In another question this example of semicolon usage is given:

When dinosaurs agree on something, they often high-five one another; dinosaurs are all about high-fives.

However, I have also seen the following style before, where the second part acts like a regular sentence with the first word capitalised:

When dinosaurs agree on something, they often high-five one another; Dinosaurs are all about high-fives.

I can see the reasoning: the semicolon is bridging two sentences. Which one, if any, is correct? Is it simply a style issue?

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    May I see an example real-world usage of the second case? I don't remember running across it in the wild before. – mmyers Sep 4 '10 at 4:33
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    @mmyers: I've seen semicolon plus capital letter bazillions of times. – delete Sep 4 '10 at 14:04

As you say yourself, the semicolon is bridging the gap between two sentences; they become one.

Wikipedia is exceptionally succinct on this:

English usage

Semicolons are followed by a lower case letter, unless that letter is the first letter of a proper noun.

  • If the Wikipedia article is attempting to describe usage, then it's failing, since the questioner has seen examples of a capital after the semicolon. If it's attempting to prescribe usage, then it should be saying so. Wikipedia in general is so poorly written that its advice on writing style should be discredited. – delete Sep 4 '10 at 2:23
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    @Shinto: ease up on the downvotes already. Wikipedia has more editors than the Chicago Manual of Style you quoted and it agrees with that Manual, so what's your point? All it takes for that Wikipedia note to be changed is for one single person on this planet to disagree. If there were a controversy, Wikipedia would most certainly mention it, and probably provide references to back up each side of the debate. Yet, that usage note has been there since 2 June 2005 and so far it has only been slightly reworded and moved up the page. BTW, if Wikipedia is poorly written, you can help improve it. – RegDwigнt Sep 4 '10 at 13:16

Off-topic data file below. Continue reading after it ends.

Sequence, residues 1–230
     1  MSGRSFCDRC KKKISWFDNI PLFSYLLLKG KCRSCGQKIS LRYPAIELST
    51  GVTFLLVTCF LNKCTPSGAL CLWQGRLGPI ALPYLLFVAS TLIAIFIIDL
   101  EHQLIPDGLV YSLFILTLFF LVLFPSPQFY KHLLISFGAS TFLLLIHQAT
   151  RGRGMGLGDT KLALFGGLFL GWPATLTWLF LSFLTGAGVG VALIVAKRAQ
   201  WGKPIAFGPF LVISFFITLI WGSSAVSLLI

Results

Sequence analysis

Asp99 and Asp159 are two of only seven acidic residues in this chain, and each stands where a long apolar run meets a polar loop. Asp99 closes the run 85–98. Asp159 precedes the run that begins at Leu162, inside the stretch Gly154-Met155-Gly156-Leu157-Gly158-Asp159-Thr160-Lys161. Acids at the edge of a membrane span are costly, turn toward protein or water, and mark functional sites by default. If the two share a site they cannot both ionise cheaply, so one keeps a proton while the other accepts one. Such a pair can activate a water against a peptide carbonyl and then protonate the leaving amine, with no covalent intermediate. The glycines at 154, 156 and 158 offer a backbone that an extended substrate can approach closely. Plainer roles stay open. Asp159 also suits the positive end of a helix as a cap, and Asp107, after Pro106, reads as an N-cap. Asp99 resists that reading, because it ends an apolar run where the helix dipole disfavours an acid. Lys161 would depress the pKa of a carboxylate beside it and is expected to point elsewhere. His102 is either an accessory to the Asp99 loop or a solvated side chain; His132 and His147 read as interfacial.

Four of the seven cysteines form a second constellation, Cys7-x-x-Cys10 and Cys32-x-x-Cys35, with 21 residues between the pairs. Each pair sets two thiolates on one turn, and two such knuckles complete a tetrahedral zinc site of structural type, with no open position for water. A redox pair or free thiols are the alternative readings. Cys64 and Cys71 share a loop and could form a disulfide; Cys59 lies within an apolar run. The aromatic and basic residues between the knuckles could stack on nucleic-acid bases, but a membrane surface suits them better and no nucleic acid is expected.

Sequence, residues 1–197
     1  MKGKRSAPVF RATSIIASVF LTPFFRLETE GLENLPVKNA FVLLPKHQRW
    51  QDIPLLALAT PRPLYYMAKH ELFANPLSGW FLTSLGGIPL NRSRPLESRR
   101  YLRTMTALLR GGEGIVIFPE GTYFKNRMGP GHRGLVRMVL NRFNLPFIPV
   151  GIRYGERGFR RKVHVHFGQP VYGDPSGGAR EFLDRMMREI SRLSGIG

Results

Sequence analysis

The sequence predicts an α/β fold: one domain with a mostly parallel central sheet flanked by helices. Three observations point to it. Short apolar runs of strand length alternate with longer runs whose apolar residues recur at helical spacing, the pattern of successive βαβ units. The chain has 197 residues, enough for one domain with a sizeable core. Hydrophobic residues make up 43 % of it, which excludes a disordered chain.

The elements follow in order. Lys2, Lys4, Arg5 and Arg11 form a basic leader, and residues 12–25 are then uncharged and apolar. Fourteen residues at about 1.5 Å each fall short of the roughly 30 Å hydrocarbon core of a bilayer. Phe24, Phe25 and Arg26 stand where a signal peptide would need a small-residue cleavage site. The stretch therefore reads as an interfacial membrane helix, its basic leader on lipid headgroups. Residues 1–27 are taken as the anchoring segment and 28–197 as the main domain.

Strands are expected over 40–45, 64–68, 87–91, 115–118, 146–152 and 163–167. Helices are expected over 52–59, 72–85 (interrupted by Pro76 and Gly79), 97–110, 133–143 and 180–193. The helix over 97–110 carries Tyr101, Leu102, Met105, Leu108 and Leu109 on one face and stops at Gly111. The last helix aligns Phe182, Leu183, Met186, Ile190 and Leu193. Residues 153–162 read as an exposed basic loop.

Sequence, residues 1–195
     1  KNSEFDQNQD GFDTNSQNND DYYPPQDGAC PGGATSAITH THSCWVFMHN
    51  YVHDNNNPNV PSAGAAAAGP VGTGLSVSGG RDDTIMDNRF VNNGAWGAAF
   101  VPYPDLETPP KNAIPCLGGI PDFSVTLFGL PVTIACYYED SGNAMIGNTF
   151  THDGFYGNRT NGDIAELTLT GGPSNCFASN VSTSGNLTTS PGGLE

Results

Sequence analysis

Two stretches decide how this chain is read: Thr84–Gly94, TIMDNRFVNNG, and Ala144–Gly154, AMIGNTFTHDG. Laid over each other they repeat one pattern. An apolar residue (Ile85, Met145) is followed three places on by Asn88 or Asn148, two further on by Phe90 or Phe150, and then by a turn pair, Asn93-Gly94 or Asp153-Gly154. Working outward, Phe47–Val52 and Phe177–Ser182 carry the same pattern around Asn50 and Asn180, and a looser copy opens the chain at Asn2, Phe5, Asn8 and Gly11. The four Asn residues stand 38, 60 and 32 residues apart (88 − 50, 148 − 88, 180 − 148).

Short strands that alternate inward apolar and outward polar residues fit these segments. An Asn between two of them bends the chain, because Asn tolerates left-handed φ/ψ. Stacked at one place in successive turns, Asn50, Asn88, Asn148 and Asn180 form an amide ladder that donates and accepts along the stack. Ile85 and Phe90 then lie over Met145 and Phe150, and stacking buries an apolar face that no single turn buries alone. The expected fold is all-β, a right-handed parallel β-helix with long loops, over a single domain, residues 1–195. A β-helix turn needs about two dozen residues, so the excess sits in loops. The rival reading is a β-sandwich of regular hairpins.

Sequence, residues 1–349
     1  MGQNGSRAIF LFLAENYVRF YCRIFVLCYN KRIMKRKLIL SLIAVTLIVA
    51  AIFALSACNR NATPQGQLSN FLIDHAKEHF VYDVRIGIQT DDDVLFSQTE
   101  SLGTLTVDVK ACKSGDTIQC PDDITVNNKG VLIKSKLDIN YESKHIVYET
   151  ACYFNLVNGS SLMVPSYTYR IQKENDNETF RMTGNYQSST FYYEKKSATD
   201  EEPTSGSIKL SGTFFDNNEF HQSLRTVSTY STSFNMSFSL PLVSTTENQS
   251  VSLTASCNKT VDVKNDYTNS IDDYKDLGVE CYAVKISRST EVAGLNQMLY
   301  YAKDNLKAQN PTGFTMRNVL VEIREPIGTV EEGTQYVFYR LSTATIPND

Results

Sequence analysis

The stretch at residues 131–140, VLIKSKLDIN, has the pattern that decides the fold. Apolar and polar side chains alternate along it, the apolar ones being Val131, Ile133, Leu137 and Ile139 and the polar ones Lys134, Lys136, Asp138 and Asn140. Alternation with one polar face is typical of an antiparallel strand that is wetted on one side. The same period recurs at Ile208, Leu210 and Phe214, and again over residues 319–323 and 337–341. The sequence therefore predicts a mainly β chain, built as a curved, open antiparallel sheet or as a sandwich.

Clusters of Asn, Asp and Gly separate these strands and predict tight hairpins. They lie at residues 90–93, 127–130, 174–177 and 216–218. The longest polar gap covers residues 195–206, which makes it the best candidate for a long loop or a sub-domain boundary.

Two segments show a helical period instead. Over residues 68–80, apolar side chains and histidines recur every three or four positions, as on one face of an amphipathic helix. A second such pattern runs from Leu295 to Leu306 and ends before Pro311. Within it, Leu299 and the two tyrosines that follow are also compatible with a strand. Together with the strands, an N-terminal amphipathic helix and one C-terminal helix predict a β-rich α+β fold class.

• So you value quantity of editors over quality? When you ease up on the poor answers, I'll ease up on the downvotes. – delete Sep 4 '10 at 14:02
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    @Shinto: the quantity of editors supports your case. You quoted a resource where a few people agree on something, and I chimed in and quoted a resource where a huge number of people agree on the very same thing. I have no idea how that is worthy of a downvote. – RegDwigнt Sep 4 '10 at 16:18

The Chicago Manual of Style (6.57 - 6.62) uses a small letter after the semicolon, e.g.

Mildred intends to go to Europe; her plans, however, are still quite vague.

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